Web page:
biden tax changes impact on real estate investors

Wavering on the sidelines, trying to decide whether to move forward with buying a rental property?

Ask yourself these five questions to help you decide whether to purchase or not.

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Resources Mentioned in This Podcast & Video:

What short-term fix-and-flip loan options are available nowadays?

How about long-term rental property loans?

We compare several buy-and-rehab lenders and several long-term landlord loans on LTV, interest rates, closing costs, income requirements and more.

live off rents podcast transcript

Deni: Hi everyone and welcome, I’m a little flustered because, you know, technology does that sometimes, anyway. Last week we talked about realtors versus for sale by owner. FSBO as it is also called. Today we’re going to speak about the five questions you should ask before you buy rental property? But before we jump right in, please let us know where you’re joining us from. And as we go through this, please ask your questions. It doesn’t even have to pertain to this subject. Just throw questions out. That’s what we’re here for. So, with that being said, let’s jump right in. Brian, let’s go right into the probably most difficult question of all: How does cash on cash return compare? How do you do that? How do you compare the cash-on-cash return to other investments you might be looking at?


Brian: Sure. So, I mean, that’s really the question before making any investment is what do you hope to earn on it? And one of the huge advantages to rental properties over things like stock investments is that you can actually calculate quite accurately what the return on investment will be for any given property that you go to buy. So, we have a free rental property, ROIC calculator on our site. It’s not even gated.


Deni: You know, fun to play with.


Brian:Yeah, it’s free. It’s fun to play with. So, you know, you go in and you put in the purchase price and your expected closing costs and so forth and your mortgage information, along with the expected expenses for the property. And it will tell you both, it’ll tell you cap rates, it’ll tell you about your cash on cash, return for you, for your own cash down payment and closing costs, and potentially any upfront repairs that are needed. So, in this way, if you get this right, you never have to make a bad investment again because you will know before you invest exactly what kind of return you’re going to earn on a property. I mean, one of my favorite things about rental properties is the predictability of returns.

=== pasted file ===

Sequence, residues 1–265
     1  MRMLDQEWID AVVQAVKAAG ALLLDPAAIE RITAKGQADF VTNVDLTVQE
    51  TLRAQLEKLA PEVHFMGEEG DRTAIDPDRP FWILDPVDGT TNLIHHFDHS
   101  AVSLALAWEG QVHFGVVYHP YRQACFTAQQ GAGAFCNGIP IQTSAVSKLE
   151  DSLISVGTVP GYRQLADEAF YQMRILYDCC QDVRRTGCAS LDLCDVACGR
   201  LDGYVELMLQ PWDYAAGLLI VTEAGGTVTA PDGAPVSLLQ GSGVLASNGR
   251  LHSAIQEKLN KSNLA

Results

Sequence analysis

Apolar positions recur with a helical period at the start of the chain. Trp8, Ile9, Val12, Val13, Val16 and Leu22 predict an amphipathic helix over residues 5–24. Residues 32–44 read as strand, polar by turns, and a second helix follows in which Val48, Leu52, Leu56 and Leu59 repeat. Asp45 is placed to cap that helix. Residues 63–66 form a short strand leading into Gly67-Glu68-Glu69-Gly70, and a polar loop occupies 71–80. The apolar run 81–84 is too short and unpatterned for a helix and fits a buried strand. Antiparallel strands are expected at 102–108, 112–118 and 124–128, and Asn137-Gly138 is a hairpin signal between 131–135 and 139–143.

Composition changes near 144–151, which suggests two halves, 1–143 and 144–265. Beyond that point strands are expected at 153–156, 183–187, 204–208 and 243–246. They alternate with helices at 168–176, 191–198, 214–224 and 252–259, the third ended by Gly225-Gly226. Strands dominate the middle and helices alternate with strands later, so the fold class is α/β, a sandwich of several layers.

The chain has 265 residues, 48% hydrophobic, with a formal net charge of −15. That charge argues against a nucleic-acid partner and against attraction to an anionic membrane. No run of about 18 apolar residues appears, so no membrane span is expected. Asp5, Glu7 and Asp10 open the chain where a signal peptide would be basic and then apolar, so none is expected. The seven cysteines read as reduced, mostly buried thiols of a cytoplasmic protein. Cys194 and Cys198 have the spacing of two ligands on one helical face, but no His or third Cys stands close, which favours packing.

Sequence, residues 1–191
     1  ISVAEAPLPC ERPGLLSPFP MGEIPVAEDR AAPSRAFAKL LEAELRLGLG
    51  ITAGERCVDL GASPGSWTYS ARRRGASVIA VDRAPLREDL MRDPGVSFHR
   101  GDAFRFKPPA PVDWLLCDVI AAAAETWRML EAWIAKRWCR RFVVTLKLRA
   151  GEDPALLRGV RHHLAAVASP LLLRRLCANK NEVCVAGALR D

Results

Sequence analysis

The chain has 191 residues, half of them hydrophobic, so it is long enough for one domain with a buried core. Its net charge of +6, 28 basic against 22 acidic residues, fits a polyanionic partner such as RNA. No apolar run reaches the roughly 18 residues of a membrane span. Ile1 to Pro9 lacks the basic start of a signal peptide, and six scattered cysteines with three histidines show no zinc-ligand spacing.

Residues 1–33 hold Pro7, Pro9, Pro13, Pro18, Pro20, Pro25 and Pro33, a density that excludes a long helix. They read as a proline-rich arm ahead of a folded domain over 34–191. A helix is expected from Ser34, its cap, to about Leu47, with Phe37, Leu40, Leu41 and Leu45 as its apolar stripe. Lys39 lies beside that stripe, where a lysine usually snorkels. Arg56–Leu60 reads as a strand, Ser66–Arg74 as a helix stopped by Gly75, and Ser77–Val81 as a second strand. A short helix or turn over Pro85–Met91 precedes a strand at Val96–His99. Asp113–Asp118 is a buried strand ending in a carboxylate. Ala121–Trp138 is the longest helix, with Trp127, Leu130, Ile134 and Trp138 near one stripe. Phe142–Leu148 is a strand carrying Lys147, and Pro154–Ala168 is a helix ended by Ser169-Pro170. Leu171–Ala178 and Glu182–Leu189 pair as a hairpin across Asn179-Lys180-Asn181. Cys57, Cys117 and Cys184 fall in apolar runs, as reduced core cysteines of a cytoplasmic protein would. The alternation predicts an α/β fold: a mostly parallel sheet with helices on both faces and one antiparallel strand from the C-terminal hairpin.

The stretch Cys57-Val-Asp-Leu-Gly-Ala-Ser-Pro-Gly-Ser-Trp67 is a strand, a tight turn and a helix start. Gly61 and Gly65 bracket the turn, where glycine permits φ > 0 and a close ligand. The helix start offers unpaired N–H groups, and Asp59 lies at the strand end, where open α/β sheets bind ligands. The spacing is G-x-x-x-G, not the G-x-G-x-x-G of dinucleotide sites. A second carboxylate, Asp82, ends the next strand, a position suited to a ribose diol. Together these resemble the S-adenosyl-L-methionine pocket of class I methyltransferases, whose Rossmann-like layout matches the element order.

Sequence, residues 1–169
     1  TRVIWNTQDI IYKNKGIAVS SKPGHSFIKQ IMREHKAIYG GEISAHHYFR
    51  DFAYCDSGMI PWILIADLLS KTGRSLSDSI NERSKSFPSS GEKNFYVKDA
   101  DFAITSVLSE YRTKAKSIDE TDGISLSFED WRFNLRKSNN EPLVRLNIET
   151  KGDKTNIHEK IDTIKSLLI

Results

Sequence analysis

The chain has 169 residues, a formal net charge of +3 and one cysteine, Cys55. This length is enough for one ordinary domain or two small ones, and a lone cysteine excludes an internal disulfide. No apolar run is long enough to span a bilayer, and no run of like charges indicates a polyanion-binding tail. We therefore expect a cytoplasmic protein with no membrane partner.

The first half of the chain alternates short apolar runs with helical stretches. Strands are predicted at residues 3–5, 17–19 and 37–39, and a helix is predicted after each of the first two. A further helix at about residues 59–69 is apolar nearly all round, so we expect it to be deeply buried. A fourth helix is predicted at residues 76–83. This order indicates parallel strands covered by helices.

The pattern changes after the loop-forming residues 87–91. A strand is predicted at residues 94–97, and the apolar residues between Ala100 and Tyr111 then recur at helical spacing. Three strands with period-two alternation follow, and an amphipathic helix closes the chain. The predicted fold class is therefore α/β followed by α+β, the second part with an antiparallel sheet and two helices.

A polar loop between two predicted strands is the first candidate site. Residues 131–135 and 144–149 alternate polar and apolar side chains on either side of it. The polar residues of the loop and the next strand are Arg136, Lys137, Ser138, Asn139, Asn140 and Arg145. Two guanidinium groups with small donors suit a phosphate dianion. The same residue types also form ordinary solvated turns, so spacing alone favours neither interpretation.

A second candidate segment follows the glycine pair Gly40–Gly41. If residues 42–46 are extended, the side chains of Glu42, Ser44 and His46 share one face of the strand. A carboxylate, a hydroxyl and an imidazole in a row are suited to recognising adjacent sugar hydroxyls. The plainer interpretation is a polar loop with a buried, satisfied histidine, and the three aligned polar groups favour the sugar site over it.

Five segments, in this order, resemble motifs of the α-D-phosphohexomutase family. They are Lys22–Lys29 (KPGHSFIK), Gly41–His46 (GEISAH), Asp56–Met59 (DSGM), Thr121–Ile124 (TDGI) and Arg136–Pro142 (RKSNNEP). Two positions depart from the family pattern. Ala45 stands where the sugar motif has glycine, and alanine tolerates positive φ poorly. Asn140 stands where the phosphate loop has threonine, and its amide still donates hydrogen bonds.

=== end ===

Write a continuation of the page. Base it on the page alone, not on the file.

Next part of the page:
Deni: Sorry. Are you OK?


Brian: So, it looks like you put a link to the free rental property calculator and the comments. Yeah, I look for cash on cash returns there at least seven to eight percent. You know anything less than that, and I figure I might as well just put my money in the stock market where, you know, historically you can earn 10 percent a year on average. Of course, some years it’s, you know, minus 20 percent. Other years it’s plus 30 percent, whatever. But yeah, anything less than seven or eight percent cash on cash return does not particularly excite me.


Deni: It’s funny because a lot of people have differences in that like they’re very either exact and they think it should be eight to 10 or. I mean, what if somebody finds a property that’s six and a half percent? Is that still something they should run from?


Brian: Oh, I mean, it’s up to you as an investor, what you’re willing to accept on your money. I really look for eight to 10 percent on my money. When you’re first starting out, you’re not going to be hitting home runs. I mean, as a real estate investor, that’s just what it is. Your first couple deals, you are really just trying not to lose money and learn the ropes. I, a six-and-a-half percent return is not necessarily a deal-breaker. I look for slightly better returns, but it just comes down to your goals and you might decide that you feel really strongly about a certain area that you think it’s going to appreciate really well over the next 10 years. Willing to accept, you know, an income yield of, say, six percent, seven percent, whatever, because you also believe that you will be earning some strong appreciation on that property as well, you in addition to that cash flow.